Nature of the material to be crushed

The choice of a machine for a given crushing operation is influenced by the nature of the product required and the quantity and size of material to be handled. The more important properties of the feed apart from its size are as follows: Hardness. The hardness of the material affects the power consumption and the wear on the machine. With hard and abrasive materials it is necessary to use a low-speed machine and to protect the bearings from the abrasive dusts that are produced. Pressure lubrication is recommended. Materials are arranged in order of increasing hardness in the Mohr scale in which the first four items rank as soft and the remainder as hard. The Mohr Scale of Hardness is:

1.     Talc                                        

2.     Rock salt or gypsum

3.     Calcite

4.     Fluorspar

5.     Apatite

6.     Felspar

7.     Quartz

8.     Topaz

9.     Carborundum


Structure. Normal granular materials such as coal, ores and rocks can be effectively crushed employing the normal forces of compression, impact, and so on. With fibrous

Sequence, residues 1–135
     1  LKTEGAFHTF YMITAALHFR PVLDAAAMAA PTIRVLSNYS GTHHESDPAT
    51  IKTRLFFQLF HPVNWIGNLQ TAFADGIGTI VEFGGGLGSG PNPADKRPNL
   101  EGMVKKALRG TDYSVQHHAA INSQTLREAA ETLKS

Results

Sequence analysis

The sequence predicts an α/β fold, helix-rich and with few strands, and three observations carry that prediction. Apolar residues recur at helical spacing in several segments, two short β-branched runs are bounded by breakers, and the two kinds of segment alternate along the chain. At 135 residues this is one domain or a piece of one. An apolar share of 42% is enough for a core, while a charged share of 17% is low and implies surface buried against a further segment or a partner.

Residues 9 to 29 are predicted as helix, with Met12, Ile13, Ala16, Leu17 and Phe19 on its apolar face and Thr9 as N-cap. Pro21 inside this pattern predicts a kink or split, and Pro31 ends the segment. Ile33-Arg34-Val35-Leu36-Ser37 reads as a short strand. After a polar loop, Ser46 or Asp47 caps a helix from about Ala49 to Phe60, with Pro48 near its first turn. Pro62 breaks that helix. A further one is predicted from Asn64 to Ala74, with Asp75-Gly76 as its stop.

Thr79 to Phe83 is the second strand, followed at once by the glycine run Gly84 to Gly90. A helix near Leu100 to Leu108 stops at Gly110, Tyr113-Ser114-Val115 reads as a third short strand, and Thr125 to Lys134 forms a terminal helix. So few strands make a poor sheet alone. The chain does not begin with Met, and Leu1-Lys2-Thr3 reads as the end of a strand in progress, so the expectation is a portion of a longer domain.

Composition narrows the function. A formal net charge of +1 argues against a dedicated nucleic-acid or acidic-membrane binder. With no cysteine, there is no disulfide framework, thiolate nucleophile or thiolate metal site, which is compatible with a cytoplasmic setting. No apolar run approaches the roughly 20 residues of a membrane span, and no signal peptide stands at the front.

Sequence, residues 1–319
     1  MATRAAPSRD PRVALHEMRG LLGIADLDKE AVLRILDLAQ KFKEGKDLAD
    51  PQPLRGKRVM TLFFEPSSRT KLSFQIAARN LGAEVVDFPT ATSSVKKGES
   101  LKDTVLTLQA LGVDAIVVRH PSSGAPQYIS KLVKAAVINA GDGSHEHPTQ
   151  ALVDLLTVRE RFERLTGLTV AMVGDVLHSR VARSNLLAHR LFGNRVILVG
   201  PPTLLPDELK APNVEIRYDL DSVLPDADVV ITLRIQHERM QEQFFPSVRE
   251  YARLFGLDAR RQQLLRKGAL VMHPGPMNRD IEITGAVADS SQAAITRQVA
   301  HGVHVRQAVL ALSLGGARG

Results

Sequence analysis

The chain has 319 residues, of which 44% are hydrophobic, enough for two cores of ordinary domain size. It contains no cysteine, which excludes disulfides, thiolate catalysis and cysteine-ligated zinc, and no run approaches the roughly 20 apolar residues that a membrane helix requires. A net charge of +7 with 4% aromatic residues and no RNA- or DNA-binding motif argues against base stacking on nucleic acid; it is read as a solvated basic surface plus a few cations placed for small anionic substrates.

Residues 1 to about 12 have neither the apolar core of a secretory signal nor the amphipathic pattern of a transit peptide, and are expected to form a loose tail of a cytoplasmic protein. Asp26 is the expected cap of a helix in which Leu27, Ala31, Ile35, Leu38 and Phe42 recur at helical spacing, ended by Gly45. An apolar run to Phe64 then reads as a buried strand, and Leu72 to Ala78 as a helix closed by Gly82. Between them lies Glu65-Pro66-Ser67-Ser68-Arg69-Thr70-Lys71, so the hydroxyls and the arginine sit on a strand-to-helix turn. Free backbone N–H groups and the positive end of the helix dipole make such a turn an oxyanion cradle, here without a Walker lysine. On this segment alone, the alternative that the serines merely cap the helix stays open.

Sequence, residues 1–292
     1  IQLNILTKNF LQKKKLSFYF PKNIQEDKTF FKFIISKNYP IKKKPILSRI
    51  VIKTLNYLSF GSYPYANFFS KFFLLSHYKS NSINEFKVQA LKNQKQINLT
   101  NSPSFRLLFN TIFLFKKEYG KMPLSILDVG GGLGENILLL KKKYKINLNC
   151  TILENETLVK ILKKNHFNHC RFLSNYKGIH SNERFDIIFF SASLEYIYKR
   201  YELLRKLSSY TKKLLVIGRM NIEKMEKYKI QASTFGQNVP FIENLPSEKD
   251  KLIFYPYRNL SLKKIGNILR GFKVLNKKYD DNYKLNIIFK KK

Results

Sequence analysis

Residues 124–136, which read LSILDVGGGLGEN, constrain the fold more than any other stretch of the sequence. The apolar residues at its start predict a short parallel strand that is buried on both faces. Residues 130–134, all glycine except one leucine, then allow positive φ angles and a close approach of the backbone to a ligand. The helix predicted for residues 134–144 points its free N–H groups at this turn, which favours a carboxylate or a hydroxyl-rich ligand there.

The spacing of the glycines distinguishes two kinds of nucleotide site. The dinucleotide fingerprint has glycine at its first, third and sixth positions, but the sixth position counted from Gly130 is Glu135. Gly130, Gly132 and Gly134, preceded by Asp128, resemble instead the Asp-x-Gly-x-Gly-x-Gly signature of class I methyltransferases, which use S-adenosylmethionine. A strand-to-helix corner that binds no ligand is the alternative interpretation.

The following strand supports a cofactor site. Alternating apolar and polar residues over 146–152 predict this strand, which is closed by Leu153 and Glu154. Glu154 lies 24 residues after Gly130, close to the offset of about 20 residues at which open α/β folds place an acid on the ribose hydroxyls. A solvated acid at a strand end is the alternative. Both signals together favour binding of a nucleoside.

materials a tearing action is required.

Moisture content. It is found that materials do not flow well if they contain between about 5 and 50 per cent of moisture. Under these conditions the material tends to cake together in the form of balls. In general, grinding can be carried out satisfactorily out side these limits.

Crushing strengthThe power required for crushing is almost directly proportional to the crushing strength of the material.

FriabilityThe friability of the material is its tendency to fracture during normal handling. In general, a crystalline material will break along well-defined planes and the power required for crushing will increase as the particle size is reduced.

Stickiness. A sticky material will tend to clog the grinding equipment and it should therefore be ground in a plant that can be cleaned easily.

Soapiness. In general, this is a measure of the coefficient of friction of the surface of the material. If the coefficient of friction is low, the crushing may be more difficult.

Explosive materials must be ground wet or in the presence of an inert atmosphere. Materials yielding dusts that are harmful to the health must be ground under conditions

where the dust is not allowed to escape. WORK(19has presented a guide to equipment selection based on size and abrasiveness of material.

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